MODESTO — Cast-iron cookery took on Teflon in a fiery sales pitch for mineral-enriched food and slow-cooked flavor at a Modesto store that caters to campers.
Down-home iron chef Colleen Sloan brought her wit, wisdom and wilderness-tested recipes to Crescent Work & Outdoor on Saturday. It was a fast pass through slow cooking, demonstrating a caramelized apple-caramel desert, cheesy biscuits, chili with beans and other campfire favorites to about 60 customers at the Modesto store who got to taste a bite of everything.
Through it all she gave tips and advice learned over 70 years of cast-iron cooking – since she was old enough “to lift the lid.” Sloan followed her grandmother’s advice – “Kissin’ wears out, but cookin don’t!” – and now has seven cookbooks under her belt.
She works with the U.S. Forest Service teaching “Leave No Trace” camping, and travels nationwide teaching the virtues and versatility of cast-iron cooking. A longtime briquets afficionado, Sloan said she’s switched to propane for safety and simplicity, now that she’s found the Dutch oven dome to bake with.
“If you burn your briquets full out, they’re perfect pot ash fertilizer. But if you don’t (let them fully burn out), it’s a forest fire,” she said.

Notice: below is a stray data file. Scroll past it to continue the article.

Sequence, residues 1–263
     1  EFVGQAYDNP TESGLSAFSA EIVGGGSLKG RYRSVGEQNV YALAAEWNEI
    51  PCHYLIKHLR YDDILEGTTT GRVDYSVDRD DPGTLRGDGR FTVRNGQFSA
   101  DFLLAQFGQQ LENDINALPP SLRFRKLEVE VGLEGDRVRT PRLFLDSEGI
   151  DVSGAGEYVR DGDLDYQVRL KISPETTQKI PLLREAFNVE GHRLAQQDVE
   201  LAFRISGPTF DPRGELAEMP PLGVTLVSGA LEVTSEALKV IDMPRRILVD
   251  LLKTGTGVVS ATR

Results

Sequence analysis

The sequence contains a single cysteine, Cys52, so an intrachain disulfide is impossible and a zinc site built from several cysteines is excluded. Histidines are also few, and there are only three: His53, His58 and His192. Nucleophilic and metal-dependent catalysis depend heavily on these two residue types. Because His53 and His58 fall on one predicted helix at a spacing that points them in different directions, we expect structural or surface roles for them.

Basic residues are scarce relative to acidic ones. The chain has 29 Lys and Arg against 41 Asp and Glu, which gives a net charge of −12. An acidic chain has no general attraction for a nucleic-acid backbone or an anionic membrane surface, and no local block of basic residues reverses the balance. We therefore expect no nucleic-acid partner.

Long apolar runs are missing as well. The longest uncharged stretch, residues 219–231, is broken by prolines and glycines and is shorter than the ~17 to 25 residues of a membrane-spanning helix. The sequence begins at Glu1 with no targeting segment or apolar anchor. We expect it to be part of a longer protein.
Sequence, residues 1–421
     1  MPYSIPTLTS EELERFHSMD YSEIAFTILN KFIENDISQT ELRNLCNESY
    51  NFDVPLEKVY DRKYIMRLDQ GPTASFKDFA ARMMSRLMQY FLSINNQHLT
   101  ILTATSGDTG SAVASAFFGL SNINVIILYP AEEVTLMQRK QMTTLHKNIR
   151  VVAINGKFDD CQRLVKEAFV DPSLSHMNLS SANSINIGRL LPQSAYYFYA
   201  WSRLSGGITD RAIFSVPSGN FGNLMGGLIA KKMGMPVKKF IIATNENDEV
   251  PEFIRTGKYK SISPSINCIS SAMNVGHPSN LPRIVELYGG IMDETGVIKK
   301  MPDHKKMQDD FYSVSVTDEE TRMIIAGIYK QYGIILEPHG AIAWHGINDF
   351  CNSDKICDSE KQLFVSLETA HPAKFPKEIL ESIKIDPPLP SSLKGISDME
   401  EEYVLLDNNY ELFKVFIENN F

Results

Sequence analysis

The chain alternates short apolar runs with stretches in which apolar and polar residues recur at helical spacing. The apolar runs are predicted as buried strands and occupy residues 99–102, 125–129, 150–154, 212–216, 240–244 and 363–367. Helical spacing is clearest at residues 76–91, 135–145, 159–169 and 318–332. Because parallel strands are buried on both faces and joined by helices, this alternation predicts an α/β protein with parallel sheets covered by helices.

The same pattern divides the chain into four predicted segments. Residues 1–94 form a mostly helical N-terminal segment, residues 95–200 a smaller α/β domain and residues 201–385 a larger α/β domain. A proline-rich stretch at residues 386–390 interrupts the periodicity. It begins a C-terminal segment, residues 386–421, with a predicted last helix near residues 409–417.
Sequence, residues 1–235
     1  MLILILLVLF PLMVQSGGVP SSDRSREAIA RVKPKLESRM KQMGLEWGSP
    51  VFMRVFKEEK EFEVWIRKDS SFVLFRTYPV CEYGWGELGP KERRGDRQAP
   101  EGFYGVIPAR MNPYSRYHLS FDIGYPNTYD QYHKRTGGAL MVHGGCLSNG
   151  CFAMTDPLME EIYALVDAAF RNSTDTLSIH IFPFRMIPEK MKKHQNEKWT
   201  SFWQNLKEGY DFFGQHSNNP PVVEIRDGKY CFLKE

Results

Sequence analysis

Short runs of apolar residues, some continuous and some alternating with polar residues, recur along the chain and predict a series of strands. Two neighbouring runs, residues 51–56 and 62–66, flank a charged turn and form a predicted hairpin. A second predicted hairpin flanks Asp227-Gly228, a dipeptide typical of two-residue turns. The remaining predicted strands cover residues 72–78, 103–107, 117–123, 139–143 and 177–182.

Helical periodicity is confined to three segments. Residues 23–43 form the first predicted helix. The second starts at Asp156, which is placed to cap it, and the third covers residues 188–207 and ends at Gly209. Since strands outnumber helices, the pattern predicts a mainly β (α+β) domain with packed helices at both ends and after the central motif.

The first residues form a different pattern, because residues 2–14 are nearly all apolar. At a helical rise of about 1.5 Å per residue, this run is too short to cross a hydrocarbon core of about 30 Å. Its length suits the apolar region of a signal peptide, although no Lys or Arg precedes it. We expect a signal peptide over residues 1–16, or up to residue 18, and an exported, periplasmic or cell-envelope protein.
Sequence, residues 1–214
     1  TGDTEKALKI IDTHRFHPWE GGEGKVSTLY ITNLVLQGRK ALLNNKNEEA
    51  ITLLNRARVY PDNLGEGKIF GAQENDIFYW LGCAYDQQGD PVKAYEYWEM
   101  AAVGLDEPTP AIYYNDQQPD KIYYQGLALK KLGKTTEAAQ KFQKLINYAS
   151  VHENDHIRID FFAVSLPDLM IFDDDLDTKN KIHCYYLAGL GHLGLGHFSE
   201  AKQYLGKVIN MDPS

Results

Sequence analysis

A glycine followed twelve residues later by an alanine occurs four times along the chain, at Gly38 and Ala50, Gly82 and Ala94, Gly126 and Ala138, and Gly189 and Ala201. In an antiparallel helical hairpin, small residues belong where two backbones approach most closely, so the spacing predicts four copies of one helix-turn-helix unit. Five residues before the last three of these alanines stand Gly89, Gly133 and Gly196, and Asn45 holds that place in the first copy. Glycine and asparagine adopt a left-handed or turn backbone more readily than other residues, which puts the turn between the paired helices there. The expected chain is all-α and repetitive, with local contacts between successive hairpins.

Some common sense Sloan tips:
• Cast-iron heats at its own pace, depending on the oven or the weather. “Best way to cook, in my opinion: Wait for the smell. When you smell it, you’re done.”
• Most cast-iron cookbook recipes are written for a 12-inch Dutch oven, which weighs 18 to 20 pounds when full of food.
• No need for non-stick cookware. “The more you use your pan, the smoother it will get,” she said.
• Do not be afraid to wash your cast-iron pots with soap. Rinse in hot water and the soap will be gone. Then dry by warming, which opens the metal pores and lets the last moisture escape. No need to grease a pot for storage. Warm and grease it just before cooking.
• She uses a solution of one part vinegar to four parts water to clean, disinfect and tenderize meat, keeping it and vegetable oil handy in large spray bottles.
• Proper seasoning of cast-iron has to be done outside, heating the pan rubbed with vegetable oil to 500 degrees, Sloan insists.
Sitting in the front row, Reena Pal said she had no cast-iron pans, but planned to buy as soon as the demonstration – and tastings – were over.
“We’re just getting into (cast-iron). I wanted to learn how to use it,” said avid camper Priscilla McCrea.
Also a camper, Wendy Hall said she likes her Dutch oven and uses it at home as well.
Thanksgiving was on Ken Cheeseman’s mind. He and a large group of friends head to a park for the day, cooking a half dozen turkeys and about 30 pounds of potatoes on barbecues.
For Chris Leon, cast-iron cooking is all about making memories. “It is a lot of fun. Food seems to come out better. It’s just impressive,” Leon said.
Craig Stott of Crescent said Sloan has come to the store for the demonstrations for more than 20 years. He’s learned from her and others. “Everything I’ve done in a Dutch oven has come out incredible,” he said.